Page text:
It is generally good business sense to only invest in viable enterprises.
But when a journalist made that statement to Prime Minister Dr. Ralph Gonsalves in Grenada in relation to LIAT, it seemed to unsettle him.
Gonsalves was being interviewed by Beverly Sinclair on a range of issues, including LIAT, in which St. Vincent and the Grenadines, Barbados, Antigua and Barbuda, and, to a lesser extent Dominica, are the major shareholders.
(See video at the end of the post)
“What I would like to take the opportunity to do is to repeat what Chester Humphrey, the head of the union here (in Grenada), says, the plea that he made for … other governments to come aboard,” said Gonsalves who is chair of LIAT’s shareholder governments.
“It is just not fair to have three governments and now Dominica has come in an important though small way,” said Gonsalves, who is also CARICOM’s lead spokesperson on air transport.
“But, Dr. Gonsalves, if you have a business and you are asking investors to come and put money in it, it should be a business that’s viable,” Sinclair told Gonsalves.
“With respect, you completely misunderstand air transport,” Gonsalves retorted.
“Ma’am, ma’am, ma’am, you completely misunderstand regional air transport,” he further said as Sinclair attempted to respond.
The journalist further accused the Prime Minister of making an assumption regarding what she knows.
“From that comment. Let me tell you why you don’t know. You don’t know because air transportation inside of the eastern Caribbean is not anything of luxury type of investment. It is an absolute necessity — absolute necessity for islands,” Gonsalves said.
He further stated that when his Unity Labour Party government decided to invest in LIAT shortly after coming to office in 2001, he told Parliament that he was investing in an insolvent company.
He further noted that he told lawmakers then that if LIAT didn’t exist it ought to have been invented “and that the important thing is for us to get involved in that company, put money in it to try to make it better”.
Over the past few weeks, as LIAT implemented its re-fleeting exercise, the airline’s passengers have had to endure frequent flight cancellations and inordinate delays.
Gonsalves said that “until this recent problem, we have made it (LIAT) better than what it was in 2001.
He said governments of the countries served by LIAT should support the airline.
“I say to them, put money or give market support in the way they give market support to other airlines outside of the region because they bring passengers.
“LIAT brings passengers just as much as American Airline or Virgin or British Airways or any of them.
“… This is why I make the point with crystal clarity. A regional airline of this kind, this is not anything which is going to make money. This is a service that has to be provided and we seek, if we can break even with this service, fine. But you cannot make money out it.”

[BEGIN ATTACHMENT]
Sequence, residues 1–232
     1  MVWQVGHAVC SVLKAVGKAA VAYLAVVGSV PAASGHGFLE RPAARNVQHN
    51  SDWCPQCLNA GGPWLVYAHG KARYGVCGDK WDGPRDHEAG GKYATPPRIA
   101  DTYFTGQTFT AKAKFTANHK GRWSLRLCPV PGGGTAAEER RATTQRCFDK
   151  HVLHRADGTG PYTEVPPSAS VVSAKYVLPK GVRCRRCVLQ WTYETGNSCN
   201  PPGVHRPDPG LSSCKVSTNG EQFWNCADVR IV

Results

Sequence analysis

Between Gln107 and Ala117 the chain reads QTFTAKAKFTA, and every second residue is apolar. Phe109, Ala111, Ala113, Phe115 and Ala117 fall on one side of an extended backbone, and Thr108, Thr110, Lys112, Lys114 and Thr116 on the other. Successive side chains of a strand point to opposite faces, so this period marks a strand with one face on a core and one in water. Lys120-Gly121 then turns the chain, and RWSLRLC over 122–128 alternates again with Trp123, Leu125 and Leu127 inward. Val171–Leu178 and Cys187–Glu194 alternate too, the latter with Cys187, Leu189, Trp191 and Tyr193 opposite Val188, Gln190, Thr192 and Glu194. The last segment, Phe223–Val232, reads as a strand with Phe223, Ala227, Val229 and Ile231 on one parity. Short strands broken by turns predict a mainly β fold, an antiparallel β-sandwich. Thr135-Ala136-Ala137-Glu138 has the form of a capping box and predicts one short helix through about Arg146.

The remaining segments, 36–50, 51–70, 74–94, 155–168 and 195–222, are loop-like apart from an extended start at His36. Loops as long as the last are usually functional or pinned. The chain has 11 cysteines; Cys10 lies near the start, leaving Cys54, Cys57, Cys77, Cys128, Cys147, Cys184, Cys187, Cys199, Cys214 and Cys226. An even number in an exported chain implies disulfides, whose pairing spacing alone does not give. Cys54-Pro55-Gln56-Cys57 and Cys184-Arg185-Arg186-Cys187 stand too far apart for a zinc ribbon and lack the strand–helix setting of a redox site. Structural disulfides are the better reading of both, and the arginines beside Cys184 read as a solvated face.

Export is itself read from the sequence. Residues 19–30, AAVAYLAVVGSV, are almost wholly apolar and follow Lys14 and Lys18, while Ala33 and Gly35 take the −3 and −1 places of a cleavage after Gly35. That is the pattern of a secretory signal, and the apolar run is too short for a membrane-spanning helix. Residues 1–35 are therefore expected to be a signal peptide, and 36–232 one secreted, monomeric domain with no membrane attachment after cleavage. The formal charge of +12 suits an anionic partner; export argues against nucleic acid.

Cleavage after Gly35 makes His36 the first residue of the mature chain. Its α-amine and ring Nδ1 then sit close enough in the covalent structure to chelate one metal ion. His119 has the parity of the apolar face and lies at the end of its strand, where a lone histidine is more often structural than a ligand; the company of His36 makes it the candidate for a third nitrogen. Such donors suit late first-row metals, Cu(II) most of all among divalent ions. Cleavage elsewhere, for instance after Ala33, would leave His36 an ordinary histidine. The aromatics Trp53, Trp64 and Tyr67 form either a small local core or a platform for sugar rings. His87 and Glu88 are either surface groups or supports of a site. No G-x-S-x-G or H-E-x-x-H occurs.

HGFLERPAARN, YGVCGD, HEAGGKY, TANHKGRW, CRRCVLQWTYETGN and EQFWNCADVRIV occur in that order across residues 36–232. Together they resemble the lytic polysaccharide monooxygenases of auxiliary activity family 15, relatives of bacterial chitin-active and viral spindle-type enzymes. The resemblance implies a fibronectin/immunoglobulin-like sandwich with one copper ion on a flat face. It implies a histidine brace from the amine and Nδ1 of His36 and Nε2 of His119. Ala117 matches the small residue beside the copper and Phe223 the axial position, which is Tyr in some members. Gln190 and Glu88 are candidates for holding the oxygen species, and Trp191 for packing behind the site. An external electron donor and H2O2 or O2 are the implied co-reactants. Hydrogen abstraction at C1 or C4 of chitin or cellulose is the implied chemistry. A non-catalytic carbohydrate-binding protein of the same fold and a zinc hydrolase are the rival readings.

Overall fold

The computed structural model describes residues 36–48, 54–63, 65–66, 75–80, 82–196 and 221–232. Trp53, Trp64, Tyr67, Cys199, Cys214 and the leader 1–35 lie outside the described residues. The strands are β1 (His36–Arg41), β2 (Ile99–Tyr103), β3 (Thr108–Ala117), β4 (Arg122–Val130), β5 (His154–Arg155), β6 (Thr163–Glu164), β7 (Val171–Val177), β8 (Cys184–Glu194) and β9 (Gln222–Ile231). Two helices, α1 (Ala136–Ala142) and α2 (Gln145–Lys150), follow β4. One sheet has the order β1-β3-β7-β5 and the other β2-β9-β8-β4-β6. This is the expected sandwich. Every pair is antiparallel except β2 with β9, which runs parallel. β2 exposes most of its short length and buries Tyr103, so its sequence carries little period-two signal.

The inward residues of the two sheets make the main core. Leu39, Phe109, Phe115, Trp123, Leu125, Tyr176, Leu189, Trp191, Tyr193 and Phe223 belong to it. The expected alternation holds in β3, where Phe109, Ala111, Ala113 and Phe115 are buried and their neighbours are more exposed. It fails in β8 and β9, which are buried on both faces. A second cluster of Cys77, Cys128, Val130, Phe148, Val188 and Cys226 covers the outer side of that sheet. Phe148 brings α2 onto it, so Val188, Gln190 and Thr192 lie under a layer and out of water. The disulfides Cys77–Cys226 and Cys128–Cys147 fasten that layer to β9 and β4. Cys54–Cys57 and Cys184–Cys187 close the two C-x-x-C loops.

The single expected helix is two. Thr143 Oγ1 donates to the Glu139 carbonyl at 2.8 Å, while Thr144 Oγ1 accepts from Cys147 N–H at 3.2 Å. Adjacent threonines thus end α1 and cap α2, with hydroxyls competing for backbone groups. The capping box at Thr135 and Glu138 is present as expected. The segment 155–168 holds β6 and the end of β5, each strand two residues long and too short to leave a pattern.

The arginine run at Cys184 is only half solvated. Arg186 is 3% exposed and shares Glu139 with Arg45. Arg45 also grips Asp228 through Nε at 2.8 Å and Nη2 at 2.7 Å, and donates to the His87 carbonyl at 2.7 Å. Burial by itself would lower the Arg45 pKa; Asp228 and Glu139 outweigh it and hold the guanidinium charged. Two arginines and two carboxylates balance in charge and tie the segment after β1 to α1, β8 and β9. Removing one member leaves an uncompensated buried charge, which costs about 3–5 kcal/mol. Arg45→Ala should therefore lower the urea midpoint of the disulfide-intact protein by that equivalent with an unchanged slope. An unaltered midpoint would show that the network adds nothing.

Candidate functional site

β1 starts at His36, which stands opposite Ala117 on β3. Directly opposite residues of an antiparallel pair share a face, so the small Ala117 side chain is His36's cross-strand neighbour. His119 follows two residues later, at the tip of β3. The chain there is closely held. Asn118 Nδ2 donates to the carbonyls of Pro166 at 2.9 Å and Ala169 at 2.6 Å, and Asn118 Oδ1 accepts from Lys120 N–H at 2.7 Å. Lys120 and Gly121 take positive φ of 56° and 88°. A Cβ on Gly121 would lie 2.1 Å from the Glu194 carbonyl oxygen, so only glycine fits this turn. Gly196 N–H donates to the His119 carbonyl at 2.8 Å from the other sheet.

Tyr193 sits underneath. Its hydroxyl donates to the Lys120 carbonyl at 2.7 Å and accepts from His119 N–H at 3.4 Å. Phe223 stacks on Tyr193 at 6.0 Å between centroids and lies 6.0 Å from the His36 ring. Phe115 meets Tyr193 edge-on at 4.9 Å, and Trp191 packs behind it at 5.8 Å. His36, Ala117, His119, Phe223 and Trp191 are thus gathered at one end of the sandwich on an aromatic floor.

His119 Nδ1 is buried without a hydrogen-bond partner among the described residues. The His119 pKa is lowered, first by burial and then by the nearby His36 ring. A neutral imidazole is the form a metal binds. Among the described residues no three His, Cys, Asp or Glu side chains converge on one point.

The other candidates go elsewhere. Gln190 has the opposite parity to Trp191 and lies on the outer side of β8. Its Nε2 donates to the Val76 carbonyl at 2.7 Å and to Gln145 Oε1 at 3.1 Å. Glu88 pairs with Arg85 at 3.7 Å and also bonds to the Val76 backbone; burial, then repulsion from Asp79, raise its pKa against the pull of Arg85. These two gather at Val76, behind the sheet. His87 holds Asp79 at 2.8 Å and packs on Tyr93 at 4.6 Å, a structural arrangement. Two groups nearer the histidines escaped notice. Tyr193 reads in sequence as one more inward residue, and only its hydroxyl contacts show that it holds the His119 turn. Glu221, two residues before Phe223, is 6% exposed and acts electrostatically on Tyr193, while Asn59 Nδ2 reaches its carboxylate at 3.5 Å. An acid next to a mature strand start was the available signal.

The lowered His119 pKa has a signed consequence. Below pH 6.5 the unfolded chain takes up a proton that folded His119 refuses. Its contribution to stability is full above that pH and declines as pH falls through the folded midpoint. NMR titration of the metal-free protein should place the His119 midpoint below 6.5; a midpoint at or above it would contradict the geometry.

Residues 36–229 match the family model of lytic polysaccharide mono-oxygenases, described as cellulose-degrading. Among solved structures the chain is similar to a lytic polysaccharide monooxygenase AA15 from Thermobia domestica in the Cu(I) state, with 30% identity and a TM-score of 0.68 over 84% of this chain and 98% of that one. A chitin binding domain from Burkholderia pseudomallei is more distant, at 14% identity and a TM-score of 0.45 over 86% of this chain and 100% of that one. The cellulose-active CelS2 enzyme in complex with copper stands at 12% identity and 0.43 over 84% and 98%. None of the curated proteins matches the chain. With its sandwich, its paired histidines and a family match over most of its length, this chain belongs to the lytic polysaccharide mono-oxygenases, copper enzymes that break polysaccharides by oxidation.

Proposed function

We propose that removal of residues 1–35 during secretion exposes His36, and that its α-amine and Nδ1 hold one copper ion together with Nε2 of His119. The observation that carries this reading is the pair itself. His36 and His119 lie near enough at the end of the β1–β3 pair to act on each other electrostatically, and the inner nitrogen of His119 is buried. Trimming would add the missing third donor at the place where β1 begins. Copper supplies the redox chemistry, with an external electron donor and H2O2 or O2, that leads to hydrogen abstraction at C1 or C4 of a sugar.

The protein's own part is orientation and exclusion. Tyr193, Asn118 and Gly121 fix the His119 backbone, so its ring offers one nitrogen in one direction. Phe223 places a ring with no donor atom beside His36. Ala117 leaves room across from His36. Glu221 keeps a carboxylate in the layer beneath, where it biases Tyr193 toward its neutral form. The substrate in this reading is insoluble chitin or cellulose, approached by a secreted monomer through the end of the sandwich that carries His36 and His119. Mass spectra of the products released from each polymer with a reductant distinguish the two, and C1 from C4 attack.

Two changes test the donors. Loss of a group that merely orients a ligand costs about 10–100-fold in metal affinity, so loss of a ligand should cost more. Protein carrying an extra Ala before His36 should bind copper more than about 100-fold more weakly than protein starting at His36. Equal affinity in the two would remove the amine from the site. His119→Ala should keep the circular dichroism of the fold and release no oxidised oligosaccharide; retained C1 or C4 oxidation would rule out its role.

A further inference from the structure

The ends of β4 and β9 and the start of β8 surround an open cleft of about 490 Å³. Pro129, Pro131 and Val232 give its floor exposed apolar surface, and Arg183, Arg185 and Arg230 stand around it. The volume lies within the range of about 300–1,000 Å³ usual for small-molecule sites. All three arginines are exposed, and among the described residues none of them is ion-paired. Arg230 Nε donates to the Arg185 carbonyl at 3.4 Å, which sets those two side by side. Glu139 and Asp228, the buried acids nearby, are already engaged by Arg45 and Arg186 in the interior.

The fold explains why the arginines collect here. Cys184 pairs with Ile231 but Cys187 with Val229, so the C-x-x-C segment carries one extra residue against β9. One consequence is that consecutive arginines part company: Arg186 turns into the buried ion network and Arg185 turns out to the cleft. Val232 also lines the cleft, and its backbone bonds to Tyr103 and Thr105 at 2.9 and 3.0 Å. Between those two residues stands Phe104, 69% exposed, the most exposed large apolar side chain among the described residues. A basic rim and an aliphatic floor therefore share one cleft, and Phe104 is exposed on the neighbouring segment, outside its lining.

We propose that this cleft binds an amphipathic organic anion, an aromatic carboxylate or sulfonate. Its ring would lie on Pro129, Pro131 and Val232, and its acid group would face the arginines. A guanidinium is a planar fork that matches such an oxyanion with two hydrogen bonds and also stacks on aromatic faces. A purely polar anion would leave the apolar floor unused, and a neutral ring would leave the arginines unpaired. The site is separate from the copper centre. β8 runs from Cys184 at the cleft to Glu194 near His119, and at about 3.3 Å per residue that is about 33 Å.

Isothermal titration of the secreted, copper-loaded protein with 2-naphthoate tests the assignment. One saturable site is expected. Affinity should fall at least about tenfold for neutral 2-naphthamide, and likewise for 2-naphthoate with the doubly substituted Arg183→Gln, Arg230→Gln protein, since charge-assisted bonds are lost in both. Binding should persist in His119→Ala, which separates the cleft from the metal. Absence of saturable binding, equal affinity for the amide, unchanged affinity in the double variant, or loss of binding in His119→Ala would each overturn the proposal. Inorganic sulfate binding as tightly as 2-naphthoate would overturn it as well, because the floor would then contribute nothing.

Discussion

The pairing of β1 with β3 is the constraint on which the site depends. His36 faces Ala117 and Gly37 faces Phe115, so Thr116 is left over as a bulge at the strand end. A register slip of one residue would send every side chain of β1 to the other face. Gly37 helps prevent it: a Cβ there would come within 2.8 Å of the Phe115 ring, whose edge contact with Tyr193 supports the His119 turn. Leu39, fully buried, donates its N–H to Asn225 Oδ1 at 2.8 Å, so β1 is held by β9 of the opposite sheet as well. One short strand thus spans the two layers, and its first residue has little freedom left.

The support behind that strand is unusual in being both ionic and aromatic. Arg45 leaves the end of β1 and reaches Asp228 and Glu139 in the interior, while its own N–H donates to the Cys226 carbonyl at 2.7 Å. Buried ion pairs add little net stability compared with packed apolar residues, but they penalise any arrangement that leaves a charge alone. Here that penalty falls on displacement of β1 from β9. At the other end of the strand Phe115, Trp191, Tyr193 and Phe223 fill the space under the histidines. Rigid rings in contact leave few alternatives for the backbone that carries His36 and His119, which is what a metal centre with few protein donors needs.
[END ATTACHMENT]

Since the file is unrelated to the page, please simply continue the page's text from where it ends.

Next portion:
Gonsalves said that the same investment criteria as for a hotel or a beer factory cannot be used in relation with regional transport.
“Otherwise, you will stay here and can’t go Jamaica,” he told the journalism, who accused him of using personal slurs — which the Prime Minister denied.
The journalist restated her point that one does not put money into a business that is not doing well.
Gonsalves retorted that they are going around in circles.
“But isn’t it a business?” the journalist asked.
Gonsalves at this point, seemingly frustrated by the repeat of the question, kissed (steups) his teeth and slapped both hands against his thighs.
“Alright,” he said.
“It is a simple thing if you don’t understand it,” he said after a pause.
“Isn’t it a business?” the journalist asked again.
“I just explained to you that it is not a business like other businesses. To ask in a puerile sense ‘Is it not a business?’ Of course it’s a business but it is a business of a different type. That’s the point I am making,” he said.
“So it’s not a business designed to make a profit?” the journalist asked.
“I just [told] you that a regional airline like LIAT, which is going about here, don’t look for it to make any profit. I tell you if it breakeven, you are going OK. There are a lot of countries, which subsidise their airlines. I am not calling for perpetual subsidy of airlines. I am not calling for that. If the cost of LIAT was to be borne by the users of the service, it would be far more expensive than it is at the moment,” he further said.
Asked how, without the subsidy, the balance is going to be maintained, Gonsalves said:
“Well, what we try to do, frankly speaking, is to see if we can break even, if we can made a very modest profit, so be it.”